Cities are, in general, better places to live. People who live in cities have higher rates of employment, higher wages, and access to better services at lower costs. Housing is generally the one exception to this “lower cost” trend because there’s only so much land within a city, but that crowdedness is contributing to a trend that might make cities safer.
More people in cities means there is less space for freight vehicles (tight streets like those in Seattle’s Capitol Hill or Ballard neighborhood).
To navigate crowded urban areas more companies are buying smaller trucks or, as the Atlantic’s City Fixer page calls them, “European” style trucks to haul their goods.
How Freight Weight Makes an Impact
Why do these trucks make cities safer?
These trucks can navigate streets far better than semis, allowing pedestrians to cross streets unharmed.
Embracing city-efficient trucks allows intersections and crosswalks to serve their original purpose: letting human beings get on with their lives.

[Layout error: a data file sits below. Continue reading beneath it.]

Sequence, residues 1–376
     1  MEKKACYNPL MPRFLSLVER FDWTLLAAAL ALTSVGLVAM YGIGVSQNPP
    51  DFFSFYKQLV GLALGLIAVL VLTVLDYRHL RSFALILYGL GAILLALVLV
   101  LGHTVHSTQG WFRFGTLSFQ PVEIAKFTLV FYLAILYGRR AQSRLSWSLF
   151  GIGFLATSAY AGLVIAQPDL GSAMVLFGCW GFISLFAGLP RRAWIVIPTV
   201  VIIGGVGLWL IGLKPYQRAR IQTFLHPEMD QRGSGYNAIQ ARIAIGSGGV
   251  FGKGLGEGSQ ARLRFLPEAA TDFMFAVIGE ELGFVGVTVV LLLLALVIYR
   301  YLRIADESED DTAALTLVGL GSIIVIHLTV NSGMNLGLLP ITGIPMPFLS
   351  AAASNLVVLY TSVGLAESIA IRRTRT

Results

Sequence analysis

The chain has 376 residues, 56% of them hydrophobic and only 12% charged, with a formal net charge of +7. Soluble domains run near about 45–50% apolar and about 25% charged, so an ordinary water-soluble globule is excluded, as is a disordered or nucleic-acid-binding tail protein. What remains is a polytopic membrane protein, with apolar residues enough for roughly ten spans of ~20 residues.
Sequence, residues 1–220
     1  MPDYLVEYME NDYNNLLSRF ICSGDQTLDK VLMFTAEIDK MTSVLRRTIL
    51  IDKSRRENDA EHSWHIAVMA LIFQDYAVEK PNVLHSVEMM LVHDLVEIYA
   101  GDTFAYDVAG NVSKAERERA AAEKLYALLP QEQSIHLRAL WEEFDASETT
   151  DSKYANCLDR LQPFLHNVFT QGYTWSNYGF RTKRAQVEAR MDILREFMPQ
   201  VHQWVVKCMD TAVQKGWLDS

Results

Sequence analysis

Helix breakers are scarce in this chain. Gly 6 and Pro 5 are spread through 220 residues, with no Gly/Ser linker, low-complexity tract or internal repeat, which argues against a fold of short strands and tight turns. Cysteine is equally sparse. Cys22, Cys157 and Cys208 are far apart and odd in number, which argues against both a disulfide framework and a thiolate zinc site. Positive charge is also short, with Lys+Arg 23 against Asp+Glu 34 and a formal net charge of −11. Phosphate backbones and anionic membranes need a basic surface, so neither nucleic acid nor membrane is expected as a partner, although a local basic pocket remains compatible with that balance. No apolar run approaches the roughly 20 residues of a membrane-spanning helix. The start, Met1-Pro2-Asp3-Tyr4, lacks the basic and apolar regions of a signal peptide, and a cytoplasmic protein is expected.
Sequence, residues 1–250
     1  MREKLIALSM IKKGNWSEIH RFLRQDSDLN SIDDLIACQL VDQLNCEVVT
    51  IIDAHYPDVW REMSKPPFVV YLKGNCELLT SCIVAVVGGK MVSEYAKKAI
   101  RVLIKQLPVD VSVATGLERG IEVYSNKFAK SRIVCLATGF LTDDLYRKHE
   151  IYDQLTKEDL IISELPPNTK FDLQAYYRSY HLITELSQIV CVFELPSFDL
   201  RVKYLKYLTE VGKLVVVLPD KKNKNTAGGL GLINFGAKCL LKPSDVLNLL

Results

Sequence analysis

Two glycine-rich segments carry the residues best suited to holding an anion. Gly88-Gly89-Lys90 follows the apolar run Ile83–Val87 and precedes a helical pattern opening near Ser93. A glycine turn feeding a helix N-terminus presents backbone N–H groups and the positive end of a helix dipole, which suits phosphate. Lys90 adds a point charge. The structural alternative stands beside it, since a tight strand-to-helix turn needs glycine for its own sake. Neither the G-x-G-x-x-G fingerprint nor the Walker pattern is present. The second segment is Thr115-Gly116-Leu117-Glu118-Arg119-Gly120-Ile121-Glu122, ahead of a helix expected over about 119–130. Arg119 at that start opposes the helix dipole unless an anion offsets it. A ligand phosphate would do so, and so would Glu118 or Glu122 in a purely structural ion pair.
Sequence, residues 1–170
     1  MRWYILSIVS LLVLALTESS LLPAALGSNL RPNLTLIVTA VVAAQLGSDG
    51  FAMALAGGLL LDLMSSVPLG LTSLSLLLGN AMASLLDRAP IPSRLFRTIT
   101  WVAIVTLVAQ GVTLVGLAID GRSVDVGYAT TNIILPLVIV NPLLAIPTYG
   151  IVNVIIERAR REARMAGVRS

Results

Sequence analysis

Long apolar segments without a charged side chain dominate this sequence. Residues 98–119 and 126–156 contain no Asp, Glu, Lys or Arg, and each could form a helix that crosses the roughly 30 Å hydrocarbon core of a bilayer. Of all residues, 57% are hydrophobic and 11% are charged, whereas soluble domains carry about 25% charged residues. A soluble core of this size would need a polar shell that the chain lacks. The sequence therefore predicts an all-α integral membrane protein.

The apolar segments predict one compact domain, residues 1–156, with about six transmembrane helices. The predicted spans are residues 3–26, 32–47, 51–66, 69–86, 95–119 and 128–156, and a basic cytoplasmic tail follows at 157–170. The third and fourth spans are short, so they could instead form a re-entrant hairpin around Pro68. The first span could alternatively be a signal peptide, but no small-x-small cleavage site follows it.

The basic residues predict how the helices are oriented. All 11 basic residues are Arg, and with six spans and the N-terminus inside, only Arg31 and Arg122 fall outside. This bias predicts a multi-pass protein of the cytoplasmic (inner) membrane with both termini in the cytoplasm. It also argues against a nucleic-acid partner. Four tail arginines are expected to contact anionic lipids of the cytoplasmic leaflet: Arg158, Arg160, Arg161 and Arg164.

There are no striking legal implications from this trend—large companies are shrinking their freight vehicles to avoid damages, and small business are growing into light commercial vehicles because they’re outgrowing using station wagons to deliver their goods—but what’s really exciting is that this is the sort of thing that gives drivers more spatial awareness of their trucks.
Cities (Chicago has already started) could actually change their future guidelines so that streets are explicitly designed for smaller freight vehicles. This could prevent injuries to pedestrians, and that’s great news, especially around the holidays.